Interview with Max Kutner
August 8, 2017
Name: Max Kutner
Bands: The Magic Band (Beefheart alum), Evil Genius, The Royal US, Android Trio, Izela --- Formerly The Grande Mothers of Invention (Zappa alum)
Websites: maxkutner.com, evilevilgeniusgenius.com, theroyalus.com, gingerjockey.bandcamp.com, ofhealthyliving.bandcamp.com, izelamusic.bandcamp.com
QRD – What was your first guitar & what happened to it?
Max – My first guitar was purchased by my mom at a Super Pawn in Las Vegas, Nevada in 1999. It was a Samick, dreadnought-style acoustic that cost $150 as I recall. A few years later, one of my sisters decided she wanted to play guitar & commandeered it -- against my will. One of her innovations was replacing the pick-guard with nail-polish & attempting to intonate it with a regular hammer. She may still have possession of it. I’m not sure.
QRD – What’s your typical set-up from guitar to effects to amplifier?
Max – I’m very bone-headed/old-fashioned in my typical set-up. Guitar > Pedals (usually 2-4, but sometimes more depending on the context) > Amp (typically 1x12 Fender).
QRD – What’s the most important part of your rig - guitar, amplifier, or effects?
Max – The most important part of my rig is me -- no arrogance intended. Finding useful approaches & having an attitude which will allow you to problem solve quickly in a concert setting is more important than owning any one piece of gear. This being said, my guitar is the most important of the choices provided.
QRD – What’s your main amplifier & why?
Max – I’ve used a Fender Blues Deluxe (40W 1x12) for the better part of the last ten years. It’s extraordinarily versatile & reliable. Initially I had a 2x12, but I found that the weight difference was enough of an incentive for losing 20W. These amps are also everywhere & thus easy to swap out if need be. They’re also extremely affordable.
QRD – What’s your main guitar & what are the features that make it such?
Max – I alternate between a 1993 Fender Strat Plus & a custom instrument which was made for me in 2015 by Miroslav Tadic. The Strat was my only performance-grade instrument from 2002-2015 & I learned to summon virtually any sound or style I needed from it over that time period. The only thing I felt it lacked somewhat was a convincing heaviness needed for some metal & experimental music. In 2015, I commissioned the incomparably gifted Miroslav Tadic to build me a guitar which would suit my needs & build off of the strengths of the Strat that I had become so used to. The layout is somewhat similar to a Tele (one single-coil, one humbucker, hardtail bridge etc.), but with a few mods (coil-tap, tone-circuit-bypass, chambering, zero-fret, sperzels) & there is an as-of-yet unused space for a piezo contact mic to be routed from the headstock to a blend knob lower in the body. The variety offered by the pick-ups is staggering (Barden Tele in the neck, Lace Dethbucker in the bridge). Since this, the Strat has been fitted with heavier, half-wounds & used mostly for jazz/fusion style stuff.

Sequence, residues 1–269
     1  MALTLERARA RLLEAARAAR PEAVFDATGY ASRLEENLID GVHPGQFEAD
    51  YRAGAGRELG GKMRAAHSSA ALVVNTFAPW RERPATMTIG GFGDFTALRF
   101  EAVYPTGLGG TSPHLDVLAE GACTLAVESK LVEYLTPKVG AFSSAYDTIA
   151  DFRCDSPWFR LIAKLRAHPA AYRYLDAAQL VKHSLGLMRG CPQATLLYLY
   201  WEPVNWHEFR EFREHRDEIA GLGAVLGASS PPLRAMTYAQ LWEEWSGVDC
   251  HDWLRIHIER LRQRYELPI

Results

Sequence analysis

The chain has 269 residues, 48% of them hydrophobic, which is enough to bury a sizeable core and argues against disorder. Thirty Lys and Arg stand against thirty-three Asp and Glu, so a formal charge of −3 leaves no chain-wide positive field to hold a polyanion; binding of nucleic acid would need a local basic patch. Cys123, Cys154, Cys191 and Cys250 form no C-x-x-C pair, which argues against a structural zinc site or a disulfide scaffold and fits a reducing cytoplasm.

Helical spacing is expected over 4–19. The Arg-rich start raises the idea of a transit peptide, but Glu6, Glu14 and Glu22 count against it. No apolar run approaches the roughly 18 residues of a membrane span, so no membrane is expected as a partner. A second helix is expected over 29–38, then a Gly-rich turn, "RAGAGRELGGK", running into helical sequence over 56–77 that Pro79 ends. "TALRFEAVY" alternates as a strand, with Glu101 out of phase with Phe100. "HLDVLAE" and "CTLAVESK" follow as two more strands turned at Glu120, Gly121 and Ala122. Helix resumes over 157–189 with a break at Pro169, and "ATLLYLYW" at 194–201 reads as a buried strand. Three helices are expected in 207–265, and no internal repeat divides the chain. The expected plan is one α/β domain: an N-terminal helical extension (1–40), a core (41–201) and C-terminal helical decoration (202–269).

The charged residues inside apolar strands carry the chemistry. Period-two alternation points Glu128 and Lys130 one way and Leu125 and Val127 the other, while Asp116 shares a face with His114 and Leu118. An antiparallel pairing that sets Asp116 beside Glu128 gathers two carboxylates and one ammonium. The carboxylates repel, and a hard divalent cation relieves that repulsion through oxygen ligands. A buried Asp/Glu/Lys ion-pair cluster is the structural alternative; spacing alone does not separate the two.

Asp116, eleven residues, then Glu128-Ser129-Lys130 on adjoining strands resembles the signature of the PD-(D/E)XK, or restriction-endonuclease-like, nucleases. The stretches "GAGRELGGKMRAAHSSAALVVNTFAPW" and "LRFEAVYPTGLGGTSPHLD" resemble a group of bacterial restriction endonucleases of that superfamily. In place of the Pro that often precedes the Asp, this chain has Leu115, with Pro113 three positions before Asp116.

QRD – If you had a signature guitar, what would it look like & what would some of its features be?
Max – See above, hah. The Miroslav has an extremely light finish with some nice staining on the Limba back to match the dark tone of the Wenge top. The Strat has a very weird color scheme (blonde body; red tortoise pickguard), but it never mattered.
QRD – If you had a signature pedal, what would it be & what would some of its features be?
Max – I’d much rather four more sets of hands/appendages to tweek knobs in real time.
QRD – How many guitars do you own?
Max – 5.
QRD – How & where do you store your guitars?
Max – Safely & very near my person.
QRD – What do you wish guitar cases had that they usually don’t?
Max – Bracing & sales prices.
QRD – What features do you look for when buying a guitar?
Max – Weight & timbral variety. Finishing materials add a lot to the former & I typically seek out instruments which have little-to-no finish as I feel I have more control of the sound overall & there is more natural volume too. Also, how fast I can tune it & keep it stable.